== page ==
EP0778624B1 - Photovoltaic device and method of manufacturing the same - Google Patents

Photovoltaic device and method of manufacturing the same Download PDF

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Publication number
EP0778624B1
EP0778624B1 EP97103454A EP97103454A EP0778624B1 EP 0778624 B1 EP0778624 B1 EP 0778624B1 EP 97103454 A EP97103454 A EP 97103454A EP 97103454 A EP97103454 A EP 97103454A EP 0778624 B1 EP0778624 B1 EP 0778624B1
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EP
European Patent Office
Prior art keywords
metal
conductive member
conductive
low
solder
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Legal status (The legal status is an assumption and is not a legal conclusion. Google has not performed a legal analysis and makes no representation as to the accuracy of the status listed.)
Expired - Lifetime
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EP97103454A
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German (de)
French (fr)
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EP0778624A2 (en
EP0778624A3 (en
Inventor
Tatsuo Fujisaki
Yoshihiko Hyosu
Toshihiko Mimura
Ippei Sawayama
Hitoshi Toma
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Canon Inc
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Canon Inc
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Publication date
Priority to JP21075492 priority Critical
Priority to JP210754/92 priority
Priority to JP4210754A priority patent/JP2731088B2/en
Priority to JP221683/92 priority
Priority to JP22168392 priority
Priority to JP4221683A priority patent/JPH0669524A/en
Priority to JP273972/92 priority
Priority to JP4273972A priority patent/JP2716630B2/en
Priority to JP27397292 priority
Priority to JP34745692 priority
Priority to JP347456/92 priority
Priority to JP4347456A priority patent/JP2716641B2/en
Priority to EP93111278A priority patent/EP0579199B1/en
Application filed by Canon Inc filed Critical Canon Inc
Publication of EP0778624A2 publication Critical patent/EP0778624A2/en
Publication of EP0778624A3 publication Critical patent/EP0778624A3/en
Application granted granted Critical
Publication of EP0778624B1 publication Critical patent/EP0778624B1/en
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    • HELECTRICITY
    • H01BASIC ELECTRIC ELEMENTS
    • H01LSEMICONDUCTOR DEVICES; ELECTRIC SOLID STATE DEVICES NOT OTHERWISE PROVIDED FOR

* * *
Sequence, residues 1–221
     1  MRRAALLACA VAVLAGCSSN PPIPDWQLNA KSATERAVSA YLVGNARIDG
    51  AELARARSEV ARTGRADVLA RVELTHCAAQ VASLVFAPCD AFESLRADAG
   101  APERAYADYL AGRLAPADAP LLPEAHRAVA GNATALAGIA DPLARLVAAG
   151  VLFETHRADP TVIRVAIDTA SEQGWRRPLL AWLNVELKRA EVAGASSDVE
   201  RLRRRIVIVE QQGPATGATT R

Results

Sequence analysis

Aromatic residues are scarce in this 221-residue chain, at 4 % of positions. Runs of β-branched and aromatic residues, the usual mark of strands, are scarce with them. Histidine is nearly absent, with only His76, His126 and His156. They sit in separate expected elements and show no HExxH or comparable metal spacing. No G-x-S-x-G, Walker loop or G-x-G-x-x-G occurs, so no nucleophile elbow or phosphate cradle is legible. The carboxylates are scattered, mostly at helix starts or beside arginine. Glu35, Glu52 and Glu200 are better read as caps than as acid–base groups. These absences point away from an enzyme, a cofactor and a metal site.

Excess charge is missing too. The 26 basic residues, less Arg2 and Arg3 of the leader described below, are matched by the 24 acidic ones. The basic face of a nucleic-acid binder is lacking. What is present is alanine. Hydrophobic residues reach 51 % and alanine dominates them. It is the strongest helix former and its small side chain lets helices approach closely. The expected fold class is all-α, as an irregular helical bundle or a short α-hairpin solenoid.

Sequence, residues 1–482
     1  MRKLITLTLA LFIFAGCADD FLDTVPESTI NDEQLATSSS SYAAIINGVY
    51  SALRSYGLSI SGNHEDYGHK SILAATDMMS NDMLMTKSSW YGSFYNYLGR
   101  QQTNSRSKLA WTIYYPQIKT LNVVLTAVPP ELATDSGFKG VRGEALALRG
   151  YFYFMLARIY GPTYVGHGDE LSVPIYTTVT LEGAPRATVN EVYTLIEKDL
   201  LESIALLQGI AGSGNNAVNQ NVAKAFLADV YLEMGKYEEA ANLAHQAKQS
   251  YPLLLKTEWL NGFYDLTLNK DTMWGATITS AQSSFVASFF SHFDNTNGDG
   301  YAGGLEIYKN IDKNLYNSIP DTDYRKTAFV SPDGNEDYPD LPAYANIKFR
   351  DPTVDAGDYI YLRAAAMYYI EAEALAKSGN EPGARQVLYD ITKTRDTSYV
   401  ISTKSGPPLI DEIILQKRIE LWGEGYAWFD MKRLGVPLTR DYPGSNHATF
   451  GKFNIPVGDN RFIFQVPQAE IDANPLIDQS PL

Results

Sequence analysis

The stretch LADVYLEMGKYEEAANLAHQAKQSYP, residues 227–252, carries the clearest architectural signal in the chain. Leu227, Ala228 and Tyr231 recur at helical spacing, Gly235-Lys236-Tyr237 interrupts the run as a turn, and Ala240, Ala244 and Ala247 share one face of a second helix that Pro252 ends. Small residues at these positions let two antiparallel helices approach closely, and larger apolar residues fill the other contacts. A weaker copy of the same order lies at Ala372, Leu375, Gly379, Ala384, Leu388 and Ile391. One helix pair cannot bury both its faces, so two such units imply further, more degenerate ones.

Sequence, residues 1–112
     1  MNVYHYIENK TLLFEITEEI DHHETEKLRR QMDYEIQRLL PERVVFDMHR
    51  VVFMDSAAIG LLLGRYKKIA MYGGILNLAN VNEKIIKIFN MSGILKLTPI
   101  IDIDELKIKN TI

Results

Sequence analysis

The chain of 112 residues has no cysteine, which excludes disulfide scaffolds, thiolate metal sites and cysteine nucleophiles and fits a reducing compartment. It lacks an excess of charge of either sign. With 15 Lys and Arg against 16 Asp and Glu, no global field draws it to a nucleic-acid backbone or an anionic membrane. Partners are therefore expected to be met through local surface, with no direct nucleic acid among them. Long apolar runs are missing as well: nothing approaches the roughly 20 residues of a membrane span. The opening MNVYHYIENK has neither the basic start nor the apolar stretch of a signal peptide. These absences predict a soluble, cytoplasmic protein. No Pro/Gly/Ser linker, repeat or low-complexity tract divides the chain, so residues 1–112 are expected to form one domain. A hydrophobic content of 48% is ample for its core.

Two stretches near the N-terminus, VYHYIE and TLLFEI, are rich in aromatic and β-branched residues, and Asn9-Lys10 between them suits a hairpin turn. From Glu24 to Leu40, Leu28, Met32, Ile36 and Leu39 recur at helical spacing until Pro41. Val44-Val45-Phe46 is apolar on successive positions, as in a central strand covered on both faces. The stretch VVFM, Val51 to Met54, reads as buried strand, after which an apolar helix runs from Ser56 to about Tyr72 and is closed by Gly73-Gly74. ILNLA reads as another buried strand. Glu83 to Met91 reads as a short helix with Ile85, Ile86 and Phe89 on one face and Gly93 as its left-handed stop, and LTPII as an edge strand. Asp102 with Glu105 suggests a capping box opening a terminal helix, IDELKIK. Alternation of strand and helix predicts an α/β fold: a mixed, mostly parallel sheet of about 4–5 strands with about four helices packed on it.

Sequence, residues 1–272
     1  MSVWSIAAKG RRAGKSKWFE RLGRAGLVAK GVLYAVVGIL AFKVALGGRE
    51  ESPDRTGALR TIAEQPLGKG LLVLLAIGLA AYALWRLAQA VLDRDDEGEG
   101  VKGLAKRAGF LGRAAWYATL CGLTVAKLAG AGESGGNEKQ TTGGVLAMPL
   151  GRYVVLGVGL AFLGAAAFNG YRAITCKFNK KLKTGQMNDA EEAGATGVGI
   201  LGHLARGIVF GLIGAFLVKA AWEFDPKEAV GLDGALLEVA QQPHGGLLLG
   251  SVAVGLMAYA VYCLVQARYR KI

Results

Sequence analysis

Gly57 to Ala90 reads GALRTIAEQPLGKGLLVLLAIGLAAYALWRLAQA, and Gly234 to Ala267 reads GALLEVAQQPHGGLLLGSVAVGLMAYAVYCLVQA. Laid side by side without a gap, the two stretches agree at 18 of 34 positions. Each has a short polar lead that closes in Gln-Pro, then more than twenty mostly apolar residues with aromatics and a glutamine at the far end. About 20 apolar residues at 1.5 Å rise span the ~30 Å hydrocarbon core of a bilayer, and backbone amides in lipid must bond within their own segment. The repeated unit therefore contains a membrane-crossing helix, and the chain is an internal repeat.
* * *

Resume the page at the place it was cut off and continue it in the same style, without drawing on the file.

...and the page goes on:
• H01L31/00Semiconductor devices sensitive to infra-red radiation, light, electromagnetic radiation of shorter wavelength or corpuscular radiation and adapted either for the conversion of the energy of such radiation into electrical energy or for the control of electrical energy by such radiation; Processes or apparatus peculiar to the manufacture or treatment thereof or of parts thereof; Details thereof
    • H01L31/02Details
    • H01L31/0224Electrodes
    • H01L31/022466Electrodes made of transparent conductive layers, e.g. TCO, ITO layers
    • HELECTRICITY
    • H01BASIC ELECTRIC ELEMENTS
    • H01LSEMICONDUCTOR DEVICES; ELECTRIC SOLID STATE DEVICES NOT OTHERWISE PROVIDED FOR
    • H01L31/00Semiconductor devices sensitive to infra-red radiation, light, electromagnetic radiation of shorter wavelength or corpuscular radiation and adapted either for the conversion of the energy of such radiation into electrical energy or for the control of electrical energy by such radiation; Processes or apparatus peculiar to the manufacture or treatment thereof or of parts thereof; Details thereof
    • H01L31/02Details
    • H01L31/0224Electrodes
    • H01L31/022408Electrodes for devices characterised by at least one potential jump barrier or surface barrier
    • H01L31/022425Electrodes for devices characterised by at least one potential jump barrier or surface barrier for solar cells
    • HELECTRICITY
    • H01BASIC ELECTRIC ELEMENTS
    • H01LSEMICONDUCTOR DEVICES; ELECTRIC SOLID STATE DEVICES NOT OTHERWISE PROVIDED FOR
    • H01L31/00Semiconductor devices sensitive to infra-red radiation, light, electromagnetic radiation of shorter wavelength or corpuscular radiation and adapted either for the conversion of the energy of such radiation into electrical energy or for the control of electrical energy by such radiation; Processes or apparatus peculiar to the manufacture or treatment thereof or of parts thereof; Details thereof
    • H01L31/02Details
    • H01L31/0224Electrodes
    • H01L31/022466Electrodes made of transparent conductive layers, e.g. TCO, ITO layers
    • H01L31/022475Electrodes made of transparent conductive layers, e.g. TCO, ITO layers composed of indium tin oxide [ITO]
    • YGENERAL TAGGING OF NEW TECHNOLOGICAL DEVELOPMENTS; GENERAL TAGGING OF CROSS-SECTIONAL TECHNOLOGIES SPANNING OVER SEVERAL SECTIONS OF THE IPC; TECHNICAL SUBJECTS COVERED BY FORMER USPC CROSS-REFERENCE ART COLLECTIONS [XRACs] AND DIGESTS